Most Brits Have No Religion, but Church Vows to Continue Sharing Jesus’ Message
Survey data from NatCen's British Social Attitudes has revealed that for the first time ever, the number of people in Britain who say that they have no religion is over half the population, or 53 percent.
Despite the study's findings, Church of England bishops have told The Christian Post that God remains relevant and vow to continue spreading Jesus Christ's message of peace and justice.
NatCen, an independent social research agency, reported on Monday that the survey data, collected from 2016, shows that the number of British people with no religion has hit the highest ever levels.
The data showed that the non-religious population made up a 48 percent share in 2015, and only stood at 31 percent in 1983, when the survey began.
More than seven-in-10, or 71 percent of young people aged 18–24 said that they have no religion, which is also an increase from the 62 percent number in 2015.
The Bishop of Liverpool, the Rt. Rev. Paul Bayes, said in comments sent to CP that "God remains relevant."
"The Church remains relevant. We in the Church, and all who love the Church, need to keep finding ways to show and tell those who say they have 'no religion' that faith — faith in the God who loves them still — can make that life-transforming difference for them and for the world," Bayes said.
The survey found that the Church of England has been hit particularly hard in past decades, with now only 15 percent of Britons describing themselves as Anglican.
The data tables showed that Roman Catholic representation has remained unchanged for decades, at 9 percent of the population. The "Other Christian" category made up 17 percent in 2016, while non-Christian religions made up 6 percent of the total.
Roger Harding, head of public attitudes at the National Center for Social Research, said in the press release:
"This increase follows the long-term trend of more and more of us not being religious. The differences by age are stark and with so many younger people not having a religion it's hard to see this change abating any time soon. The falls in those belonging to the Church of England are the most notable, but these figures should cause all religious leaders to pause for thought."
The British Social Attitudes survey carried out 2,942 interviews of adults across Britain, with the question worded as "Do you regard yourself as belonging to any particular religion? IF YES: Which?"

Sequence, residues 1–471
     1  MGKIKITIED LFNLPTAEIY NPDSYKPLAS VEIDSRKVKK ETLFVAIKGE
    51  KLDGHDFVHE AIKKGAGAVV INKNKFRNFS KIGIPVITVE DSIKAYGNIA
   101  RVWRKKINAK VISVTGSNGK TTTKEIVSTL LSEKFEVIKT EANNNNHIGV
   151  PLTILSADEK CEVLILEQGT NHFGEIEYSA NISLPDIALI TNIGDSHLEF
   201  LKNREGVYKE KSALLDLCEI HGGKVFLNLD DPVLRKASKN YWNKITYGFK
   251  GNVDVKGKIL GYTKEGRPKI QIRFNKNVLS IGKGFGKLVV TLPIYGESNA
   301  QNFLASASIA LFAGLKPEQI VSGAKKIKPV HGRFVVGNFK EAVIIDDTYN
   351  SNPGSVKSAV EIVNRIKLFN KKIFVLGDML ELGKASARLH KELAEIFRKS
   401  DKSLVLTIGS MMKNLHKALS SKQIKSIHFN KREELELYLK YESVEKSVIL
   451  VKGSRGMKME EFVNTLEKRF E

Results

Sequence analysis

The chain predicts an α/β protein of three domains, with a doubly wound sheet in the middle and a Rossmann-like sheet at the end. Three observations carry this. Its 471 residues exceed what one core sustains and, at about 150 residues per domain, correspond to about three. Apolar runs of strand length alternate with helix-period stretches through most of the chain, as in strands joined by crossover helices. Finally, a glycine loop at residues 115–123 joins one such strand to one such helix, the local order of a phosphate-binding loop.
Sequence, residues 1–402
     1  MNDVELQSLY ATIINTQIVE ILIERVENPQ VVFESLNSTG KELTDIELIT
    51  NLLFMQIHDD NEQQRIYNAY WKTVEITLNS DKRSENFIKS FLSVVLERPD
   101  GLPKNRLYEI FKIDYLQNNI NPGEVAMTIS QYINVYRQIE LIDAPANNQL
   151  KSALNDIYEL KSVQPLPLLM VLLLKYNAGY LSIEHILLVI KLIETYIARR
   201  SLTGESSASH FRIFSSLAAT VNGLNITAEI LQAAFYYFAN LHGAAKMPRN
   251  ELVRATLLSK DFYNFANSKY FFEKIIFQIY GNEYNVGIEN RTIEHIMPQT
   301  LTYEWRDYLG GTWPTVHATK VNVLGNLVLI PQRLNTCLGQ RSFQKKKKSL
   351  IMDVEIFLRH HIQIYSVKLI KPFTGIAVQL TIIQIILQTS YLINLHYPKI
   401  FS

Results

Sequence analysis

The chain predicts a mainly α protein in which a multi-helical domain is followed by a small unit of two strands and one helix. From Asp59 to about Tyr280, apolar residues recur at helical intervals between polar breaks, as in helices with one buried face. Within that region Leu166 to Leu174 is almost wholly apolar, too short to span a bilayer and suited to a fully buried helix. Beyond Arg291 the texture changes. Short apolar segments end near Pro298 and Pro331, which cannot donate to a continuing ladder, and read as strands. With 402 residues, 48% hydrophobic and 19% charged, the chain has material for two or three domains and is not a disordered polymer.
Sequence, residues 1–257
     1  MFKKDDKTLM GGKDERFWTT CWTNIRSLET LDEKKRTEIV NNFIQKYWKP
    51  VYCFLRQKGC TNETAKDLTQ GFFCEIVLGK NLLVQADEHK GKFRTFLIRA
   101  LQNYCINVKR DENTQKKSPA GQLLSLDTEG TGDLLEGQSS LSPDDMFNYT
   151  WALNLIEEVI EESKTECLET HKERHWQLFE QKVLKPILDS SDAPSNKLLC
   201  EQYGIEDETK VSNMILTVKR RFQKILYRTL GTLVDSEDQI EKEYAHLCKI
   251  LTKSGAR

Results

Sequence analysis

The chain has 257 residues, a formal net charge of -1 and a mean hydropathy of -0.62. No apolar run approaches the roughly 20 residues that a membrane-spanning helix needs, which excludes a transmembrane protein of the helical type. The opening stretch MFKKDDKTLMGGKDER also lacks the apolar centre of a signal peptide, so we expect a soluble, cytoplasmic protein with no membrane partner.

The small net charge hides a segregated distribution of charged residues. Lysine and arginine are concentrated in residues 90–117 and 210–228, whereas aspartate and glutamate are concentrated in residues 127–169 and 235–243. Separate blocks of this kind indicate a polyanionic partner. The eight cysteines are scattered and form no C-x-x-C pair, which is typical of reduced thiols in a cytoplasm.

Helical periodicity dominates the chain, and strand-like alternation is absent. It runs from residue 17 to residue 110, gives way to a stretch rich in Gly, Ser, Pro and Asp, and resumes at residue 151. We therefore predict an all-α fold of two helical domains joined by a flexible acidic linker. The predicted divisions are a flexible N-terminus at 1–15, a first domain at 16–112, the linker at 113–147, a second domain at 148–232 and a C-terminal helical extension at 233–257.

Commenting on the decline in CofE identification, Bayes said that more and more people today are willing to be honest and say they have no religion.
"This honesty is welcome. Of course the latest BSA figures bring a continuing challenge to the churches, to speak clearly of our faith into a skeptical and plural world. But saying 'no religion' is not the same as a considered atheism. People's minds, and hearts, remain open," he added.
Bayes suggested that people can see the point of faith when they see the difference that it makes.
"So we seek to show that knowing Jesus makes a difference personally and makes a difference for society. I believe that by showing that difference more people will come to know God's love," he said.
The Bishop of Chelmsford, the Rt. Rev. Stephen Cottrell, admitted that "it's always troubling for the institution of the Church to see numbers declining and to hear how younger people are less and less engaged with the life of the church."
Cottrell pointed out, however, that the Church is "not an institution."
"The church is that community of men and women whose lives are centered on Christ. We do care about numbers, but only because we care about people," he continued.
"But most of all we care about that vision of justice and peace for all that is given us in Christ, and we will get on with living and sharing that vision with a few dozen people, a few thousand people, or a few million people: whoever it is that responds to the call of God in Christ."
Other studies, such as one released by The Benedict XVI Center for Religion and Society in May, have also pointed to the declining Christian population in the U.K.
The researchers found that there are 26 believers abandoning the faith for every atheist or agnostic who decides to become a Christian, with most "nones" being predominantly young, white and male.
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